Home featured After Breonna Taylor Case, Louisville Police Face Precarious Next Chapter

After Breonna Taylor Case, Louisville Police Face Precarious Next Chapter

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LOUISVILLE, Ky. — The news conference on a Friday afternoon in March was brief and opaque. The Louisville police chief said officers serving a drug warrant at an apartment had been met with gunfire. An officer had been shot and a woman had been killed, the chief said, and a man inside had been charged with trying to murder a police officer.

When a reporter asked about the bullet holes that riddled the woman’s sliding door and window, the news conference abruptly ended. But as details of the raid trickled out, they painted a much darker picture of a botched operation: The police had fired 32 shots into the apartment of Breonna Taylor, a 26-year-old emergency room technician, whose boyfriend had shot and wounded one of the officers when they burst through the door, later saying he thought they were intruders. Ms. Taylor, awakened from sleep, had died in the hallway outside her bedroom.

The department’s refusal to hold anyone accountable eventually became untenable. As protests mounted, the mayor fired the police chief, the attempted murder charge against Ms. Taylor’s boyfriend was dropped, and one officer accused of wantonly firing into a neighbor’s apartment during the raid was fired, but many residents said it was not enough. Now, Yvette Gentry, a veteran officer who came out of retirement to lead the scarred department through the end of the year with a promise to mend its strained relationships with the Black and Latino communities, has only days left to leave her mark.

The Louisville Metro Police Department remains one of America’s most troubled police forces, distrusted by many residents and now facing a crucial transition. Chief Gentry has said she is not interested in a permanent appointment, and Mayor Greg Fischer said in an interview on Wednesday that he expected to name her successor in January after a secretive search that has left some worried there may be no serious reform.

Mr. Fischer said the city hired an outside consultant to conduct a full review of the department, and he said he hoped Louisville would become an example of a city that made significant changes following a tragedy.

“We can be that city that when people look at the tough year we’ve had, they’ll say, ‘Wow, look how Louisville transformed from a really tough situation into this beacon of opportunity and beacon of equity for the country,’” Mr. Fischer said.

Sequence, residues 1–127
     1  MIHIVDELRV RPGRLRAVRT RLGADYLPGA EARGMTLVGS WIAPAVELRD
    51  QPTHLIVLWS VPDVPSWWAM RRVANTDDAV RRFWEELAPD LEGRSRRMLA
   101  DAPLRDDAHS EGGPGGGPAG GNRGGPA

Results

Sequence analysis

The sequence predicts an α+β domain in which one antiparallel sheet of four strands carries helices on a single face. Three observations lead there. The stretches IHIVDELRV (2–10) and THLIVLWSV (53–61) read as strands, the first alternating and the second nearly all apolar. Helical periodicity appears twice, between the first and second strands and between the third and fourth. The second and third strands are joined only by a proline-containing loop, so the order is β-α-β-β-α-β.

But restoring faith in the Police Department will not be easy. Many residents have grown frustrated by how long it has taken to address the failings that led to Ms. Taylor’s death, and to hold officers accountable. Still others have become disillusioned by protests that turned their city into a national story.

“The issues run way deeper than the case of Breonna Taylor,” said Keturah Herron, who works on criminal justice issues for the American Civil Liberties Union of Kentucky.

Chief Gentry took over the department in October with a primary mission of holding officers more accountable. When she got to work on the Breonna Taylor case, she found plenty of wrongdoing to punish: One detective had lied to get a judge’s approval for the search of Ms. Taylor’s apartment, she concluded, and the detective who killed her had fired without clearly identifying a target. On Tuesday, she moved to fire both of them.

Some officials expect her to hand down more sanctions, but any long-term changes will have to be overseen by the next police chief. A search panel unanimously recommended a candidate to the mayor, but the name has not been made public and the mayor has declined to say whether he has selected someone.

“In any type of big challenge, there’s some people that are really excited and turned on by that,” Mr. Fischer said. “I think our new police chief will be one of those people.”

Louisville was rocked by an outpouring of grief and sometimes destructive protests that followed Ms. Taylor’s death and grew more pronounced during nationwide demonstrations over the police killing of George Floyd in Minneapolis in May. The protests kicked back up in September when a grand jury declined to indict either of the two officers who shot Ms. Taylor, instead indicting the one officer with three counts of recklessly endangering Ms. Taylor’s neighbors. That officer had previously been fired.